Liverpool’s Brownlow Hill workhouse had been a home for the city’s destitute from 1771 until 1928 when the revision of the Poor Laws brought the property on to the market. It was visited by social reformers including the author Charles Dickens and campaigner Josephine Butler. In 1800, one thousand inmates had been on its register, in 1900 over 4000, of whom over half were Catholics. Many of them were Irish people driven from their own country by famine.
Charles Dickens and the Liverpool Workhouse.
The Great Tasmania, visit of Mr Charles DICKENS to the Liverpool Workhouse
On Saturday last, Mr Charles DICKENS visited at the Liverpool Workhouse the invalid soldiers who arrived from India in the Great Tasmania. Mr DICKENS remained for about two hours, and during that time engaged in conversation with several of the unfortunate men, in whose statements he appeared to take great interest. This is the second visit of this popular writer to Liverpool within the last month.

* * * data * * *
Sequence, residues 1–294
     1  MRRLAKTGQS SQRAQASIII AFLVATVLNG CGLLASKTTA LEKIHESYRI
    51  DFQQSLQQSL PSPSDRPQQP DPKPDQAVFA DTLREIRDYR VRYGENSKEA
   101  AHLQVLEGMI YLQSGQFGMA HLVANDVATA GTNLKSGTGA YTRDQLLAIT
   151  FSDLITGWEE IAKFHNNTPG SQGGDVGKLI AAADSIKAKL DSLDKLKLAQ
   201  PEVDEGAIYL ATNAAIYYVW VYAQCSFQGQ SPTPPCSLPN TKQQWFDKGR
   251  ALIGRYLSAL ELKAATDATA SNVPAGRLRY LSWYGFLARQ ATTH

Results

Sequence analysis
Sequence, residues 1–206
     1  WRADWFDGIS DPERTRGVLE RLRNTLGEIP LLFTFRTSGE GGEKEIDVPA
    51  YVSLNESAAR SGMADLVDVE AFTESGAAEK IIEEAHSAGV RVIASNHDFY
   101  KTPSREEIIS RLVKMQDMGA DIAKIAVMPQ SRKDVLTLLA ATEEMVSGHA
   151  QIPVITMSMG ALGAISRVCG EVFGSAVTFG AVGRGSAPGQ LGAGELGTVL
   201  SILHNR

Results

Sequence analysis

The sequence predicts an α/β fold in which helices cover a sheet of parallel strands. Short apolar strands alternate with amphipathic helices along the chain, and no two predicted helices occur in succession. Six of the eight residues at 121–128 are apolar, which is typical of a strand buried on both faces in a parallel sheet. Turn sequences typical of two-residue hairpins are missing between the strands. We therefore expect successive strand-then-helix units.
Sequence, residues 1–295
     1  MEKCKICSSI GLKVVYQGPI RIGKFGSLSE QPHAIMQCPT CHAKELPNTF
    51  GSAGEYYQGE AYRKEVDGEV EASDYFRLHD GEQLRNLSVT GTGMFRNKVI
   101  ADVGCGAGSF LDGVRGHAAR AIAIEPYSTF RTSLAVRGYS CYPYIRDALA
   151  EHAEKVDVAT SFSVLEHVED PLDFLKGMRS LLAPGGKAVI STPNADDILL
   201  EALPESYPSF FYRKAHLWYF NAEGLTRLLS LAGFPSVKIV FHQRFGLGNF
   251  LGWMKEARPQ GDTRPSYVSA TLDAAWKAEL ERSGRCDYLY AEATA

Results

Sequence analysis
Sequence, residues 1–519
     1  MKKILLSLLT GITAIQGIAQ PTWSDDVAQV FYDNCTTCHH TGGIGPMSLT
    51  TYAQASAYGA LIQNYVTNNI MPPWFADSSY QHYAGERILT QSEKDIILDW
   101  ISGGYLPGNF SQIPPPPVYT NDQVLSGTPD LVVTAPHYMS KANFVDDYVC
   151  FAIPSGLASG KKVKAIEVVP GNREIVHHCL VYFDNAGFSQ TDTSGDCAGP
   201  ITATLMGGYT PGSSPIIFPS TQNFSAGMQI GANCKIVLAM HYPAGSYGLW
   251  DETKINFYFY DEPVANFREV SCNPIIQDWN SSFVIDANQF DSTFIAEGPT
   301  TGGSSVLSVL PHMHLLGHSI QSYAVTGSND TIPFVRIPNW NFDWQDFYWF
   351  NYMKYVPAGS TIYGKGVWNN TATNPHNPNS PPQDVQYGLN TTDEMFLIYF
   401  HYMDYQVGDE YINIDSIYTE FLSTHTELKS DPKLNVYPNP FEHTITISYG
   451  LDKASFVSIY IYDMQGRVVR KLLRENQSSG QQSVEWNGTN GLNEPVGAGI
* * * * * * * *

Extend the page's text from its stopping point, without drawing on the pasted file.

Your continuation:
Liverpool Mercury, March 27th, 1860
In 1930 the diocesan authorities purchased the nine acre site for £110,000. Edwin Lutyens, (1869-1944) famous for his palatial country houses, memorials to the fallen of the First World War (including the Whitehall Cenotaph) and the monumental Viceroy’s palace in New Delhi, was commissioned to design a cathedral to contrast with the Gothic gem of Sir Giles Gilbert Scott which was rising at the other end of Hope Street, where building had started in 1904. Three years later the foundation stone was laid, on Whit Monday, 5 June 1933.
The Liverpool Workhouse was located at 144A Brownlow Hill.